As Construction of Arsenal Yards Rolls Ahead, Developers Switch Direction on Tallest Building

A view of Arsenal Street from inside Building E, one of the historic structures being redeveloped as part of the Arsenal Yards Project. Boylston Properties seeks a tenant for this “prime spot.” As the new Arsenal Yards begins to take shape, developers have changed plans for the last building in the project, shifting the 130-foot Building G from condos to a lab and office building. In December, Boylston Properties withdrew a request to the Town to allow them to make Building G a 197 foot apartment tower, 67 feet higher than allowed by Watertown’s zoning rules. They will soon submit plans for a new building that they hope to lease to biotech companies.

Arsenal Yards Developer Pulls Request for Taller Building

A rendering of what a 197-foot-tall residential tower could look like at Arsenal Yards. Developers would have needed a zoning change to allow it to be more than 130 feet tall. The requested zoning amendment, however, has been withdrawn. Boylston Properties, the developer of Arsenal Yards, has withdrawn its request to build a tower taller than is currently allowed by Watertown’s zoning rules. Developers had submitted a request to the Town to increase allowable height in the Regional Mixed Use District (RMUD) — where the mall is located — from 130 feet to 197 feet.

LETTER: Resident Urges Others to Speak Out Against Increasing Height of Tower at Arsenal Yards

Dear Friends & Neighbors,

Boylston Properties (BP) is seeking a zoning change at Arsenal Yards. What the published agenda IV. 485 Arsenal Street (click here) amendment fails to disclose is that while BP is again pushing for a height increase to 197 feet at Building G, they are also asking for 80 percent of that height for any additional buildings on their site on the south side of Arsenal Street. They want to create their own separate zone within the RMUD. If approved, those buildings could go to 157.6 feet.

Take a Look Around the Arsenal Yards Construction Site

With approvals for all but one building in the new Arsenal Mall, construction is moving full speed ahead at Arsenal Yards. The public can only access a small portion of the site right now, but Andrew Copelotti, principal with Boylston Properties, led a tour of the site. The walk started over a large expanse of dirt, which includes the former under pass beneath the mall. The entire building that used to sit on top of it is now gone. Where the dirt is located will become Building F, which will include Roche Bros.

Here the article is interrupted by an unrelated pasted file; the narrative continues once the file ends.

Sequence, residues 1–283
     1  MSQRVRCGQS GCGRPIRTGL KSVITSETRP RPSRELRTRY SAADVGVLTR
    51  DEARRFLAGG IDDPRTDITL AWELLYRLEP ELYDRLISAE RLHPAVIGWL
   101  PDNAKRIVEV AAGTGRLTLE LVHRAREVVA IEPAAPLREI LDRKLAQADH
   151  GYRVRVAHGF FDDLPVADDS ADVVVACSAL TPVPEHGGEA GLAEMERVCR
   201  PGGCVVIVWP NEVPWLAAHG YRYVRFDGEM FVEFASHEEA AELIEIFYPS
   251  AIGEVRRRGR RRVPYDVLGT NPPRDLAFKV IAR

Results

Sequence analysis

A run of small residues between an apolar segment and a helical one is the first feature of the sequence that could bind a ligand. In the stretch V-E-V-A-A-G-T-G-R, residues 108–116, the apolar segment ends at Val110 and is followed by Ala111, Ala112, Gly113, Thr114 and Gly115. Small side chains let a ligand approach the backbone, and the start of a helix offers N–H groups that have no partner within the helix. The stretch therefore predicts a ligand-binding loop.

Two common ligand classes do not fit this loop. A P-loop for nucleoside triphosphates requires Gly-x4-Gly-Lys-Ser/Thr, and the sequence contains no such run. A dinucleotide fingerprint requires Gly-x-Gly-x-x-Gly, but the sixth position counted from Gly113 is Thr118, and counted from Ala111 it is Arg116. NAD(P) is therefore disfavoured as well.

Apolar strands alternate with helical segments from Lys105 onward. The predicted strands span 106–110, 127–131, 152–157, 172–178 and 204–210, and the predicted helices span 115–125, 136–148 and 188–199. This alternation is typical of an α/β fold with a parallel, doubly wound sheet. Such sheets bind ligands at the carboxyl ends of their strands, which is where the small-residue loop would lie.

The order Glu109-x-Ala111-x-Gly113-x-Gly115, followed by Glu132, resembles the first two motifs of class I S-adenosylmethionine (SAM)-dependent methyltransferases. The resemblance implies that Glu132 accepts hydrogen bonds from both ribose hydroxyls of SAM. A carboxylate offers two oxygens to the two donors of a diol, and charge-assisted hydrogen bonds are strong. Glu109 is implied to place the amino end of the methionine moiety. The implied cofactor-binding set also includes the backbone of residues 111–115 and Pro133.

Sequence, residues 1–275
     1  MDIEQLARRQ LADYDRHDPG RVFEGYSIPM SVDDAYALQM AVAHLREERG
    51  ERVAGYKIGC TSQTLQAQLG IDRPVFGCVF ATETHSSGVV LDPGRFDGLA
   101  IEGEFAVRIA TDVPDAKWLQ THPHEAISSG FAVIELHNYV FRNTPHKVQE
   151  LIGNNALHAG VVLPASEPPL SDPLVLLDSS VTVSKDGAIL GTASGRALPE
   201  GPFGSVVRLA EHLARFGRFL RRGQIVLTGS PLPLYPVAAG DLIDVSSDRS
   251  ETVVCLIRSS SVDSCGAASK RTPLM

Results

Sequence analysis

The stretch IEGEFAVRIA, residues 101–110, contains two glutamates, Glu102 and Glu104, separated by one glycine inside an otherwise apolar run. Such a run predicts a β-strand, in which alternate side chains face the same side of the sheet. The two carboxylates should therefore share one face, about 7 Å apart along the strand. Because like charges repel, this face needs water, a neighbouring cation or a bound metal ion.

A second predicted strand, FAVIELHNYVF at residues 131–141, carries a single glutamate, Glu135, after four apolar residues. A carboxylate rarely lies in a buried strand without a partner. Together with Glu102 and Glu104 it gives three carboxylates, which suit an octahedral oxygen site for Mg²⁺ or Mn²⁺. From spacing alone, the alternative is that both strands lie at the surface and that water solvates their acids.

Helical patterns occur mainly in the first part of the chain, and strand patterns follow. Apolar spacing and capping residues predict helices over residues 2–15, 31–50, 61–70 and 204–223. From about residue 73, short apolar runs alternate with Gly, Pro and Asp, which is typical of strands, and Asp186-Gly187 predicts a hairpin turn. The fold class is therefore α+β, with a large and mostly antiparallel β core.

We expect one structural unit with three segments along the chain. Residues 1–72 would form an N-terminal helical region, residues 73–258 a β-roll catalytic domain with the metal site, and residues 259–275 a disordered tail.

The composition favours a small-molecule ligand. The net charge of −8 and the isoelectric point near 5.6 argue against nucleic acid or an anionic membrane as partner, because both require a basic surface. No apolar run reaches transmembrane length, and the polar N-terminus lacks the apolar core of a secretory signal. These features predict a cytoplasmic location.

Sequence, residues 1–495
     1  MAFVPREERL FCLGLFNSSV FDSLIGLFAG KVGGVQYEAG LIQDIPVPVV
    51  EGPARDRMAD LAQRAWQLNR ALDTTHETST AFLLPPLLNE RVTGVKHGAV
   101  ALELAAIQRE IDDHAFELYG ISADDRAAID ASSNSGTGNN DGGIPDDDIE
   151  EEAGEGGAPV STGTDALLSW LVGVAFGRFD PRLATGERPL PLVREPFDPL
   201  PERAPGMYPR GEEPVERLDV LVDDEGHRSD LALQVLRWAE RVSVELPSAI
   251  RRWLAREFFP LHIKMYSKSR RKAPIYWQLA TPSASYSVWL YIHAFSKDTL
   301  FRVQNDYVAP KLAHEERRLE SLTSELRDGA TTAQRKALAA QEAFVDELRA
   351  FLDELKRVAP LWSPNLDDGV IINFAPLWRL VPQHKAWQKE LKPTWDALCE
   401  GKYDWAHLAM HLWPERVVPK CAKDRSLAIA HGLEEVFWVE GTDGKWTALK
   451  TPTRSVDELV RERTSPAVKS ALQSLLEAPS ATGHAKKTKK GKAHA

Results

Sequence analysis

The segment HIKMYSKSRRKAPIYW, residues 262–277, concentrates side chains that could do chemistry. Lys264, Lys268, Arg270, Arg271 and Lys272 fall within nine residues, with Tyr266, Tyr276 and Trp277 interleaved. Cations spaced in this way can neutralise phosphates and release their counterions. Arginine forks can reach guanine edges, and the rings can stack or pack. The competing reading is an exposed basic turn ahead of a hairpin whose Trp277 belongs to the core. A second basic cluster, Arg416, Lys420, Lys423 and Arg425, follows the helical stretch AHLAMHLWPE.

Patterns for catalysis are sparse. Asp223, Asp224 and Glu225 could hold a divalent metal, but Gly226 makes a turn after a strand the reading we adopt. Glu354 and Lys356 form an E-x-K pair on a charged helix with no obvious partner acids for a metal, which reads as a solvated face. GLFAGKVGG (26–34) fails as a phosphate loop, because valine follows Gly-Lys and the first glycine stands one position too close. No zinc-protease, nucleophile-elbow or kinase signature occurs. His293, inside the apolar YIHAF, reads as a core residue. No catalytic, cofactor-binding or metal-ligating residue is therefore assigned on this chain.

Planning Board Approves Having Biotech Companies at Arsenal Yards

The Planning Board gave its approval to allow biotech labs to be located on the second floor of the historic building in the former Arsenal Mall where Marshall’s is located. 

The proposal by Boylston Properties, the developer of Arsenal Yards, had been delayed a month because there were questions about whether labs where biotech research should be located in the same building where retail and restaurants will be located. There was concern that the Town of Watertown did not have the same local safeguards as other area communities. Wednesday night the Planning Board heard from the developers, who also brought in consultants who work with biotech companies and outfit buildings for such lab use. Mark Deschenes from Boylston Properties said his firm did a study of biotech companies in the area and that there are already at least 23 biotech companies in Watertown, with most in East Watertown, and a few on the Westside. He added that there are several examples of biotech companies sharing buildings with retail and other businesses, and that are located near residential buildings.